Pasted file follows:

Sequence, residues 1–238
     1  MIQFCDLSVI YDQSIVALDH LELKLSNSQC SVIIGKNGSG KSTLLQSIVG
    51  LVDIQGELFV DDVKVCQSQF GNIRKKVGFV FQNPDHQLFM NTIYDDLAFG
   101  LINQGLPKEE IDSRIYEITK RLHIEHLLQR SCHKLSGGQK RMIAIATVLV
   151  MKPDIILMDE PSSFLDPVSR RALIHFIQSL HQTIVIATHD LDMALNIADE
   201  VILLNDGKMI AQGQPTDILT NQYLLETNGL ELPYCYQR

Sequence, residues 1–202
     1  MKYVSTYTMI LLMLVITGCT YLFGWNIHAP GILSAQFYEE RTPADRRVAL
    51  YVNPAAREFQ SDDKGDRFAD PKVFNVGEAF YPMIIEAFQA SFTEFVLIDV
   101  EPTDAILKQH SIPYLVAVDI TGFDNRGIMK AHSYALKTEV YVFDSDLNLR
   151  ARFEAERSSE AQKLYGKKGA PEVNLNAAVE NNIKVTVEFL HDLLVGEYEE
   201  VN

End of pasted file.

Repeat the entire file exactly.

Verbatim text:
Sequence, residues 1–238
     1  MIQFCDLSVI YDQSIVALDH LELKLSNSQC SVIIGKNGSG KSTLLQSIVG
    51  LVDIQGELFV DDVKVCQSQF GNIRKKVGFV FQNPDHQLFM NTIYDDLAFG
   101  LINQGLPKEE IDSRIYEITK RLHIEHLLQR SCHKLSGGQK RMIAIATVLV
   151  MKPDIILMDE PSSFLDPVSR RALIHFIQSL HQTIVIATHD LDMALNIADE
   201  VILLNDGKMI AQGQPTDILT NQYLLETNGL ELPYCYQR

Sequence, residues 1–202
     1  MKYVSTYTMI LLMLVITGCT YLFGWNIHAP GILSAQFYEE RTPADRRVAL
    51  YVNPAAREFQ SDDKGDRFAD PKVFNVGEAF YPMIIEAFQA SFTEFVLIDV
   101  EPTDAILKQH SIPYLVAVDI TGFDNRGIMK AHSYALKTEV YVFDSDLNLR
   151  ARFEAERSSE AQKLYGKKGA PEVNLNAAVE NNIKVTVEFL HDLLVGEYEE
   201  VN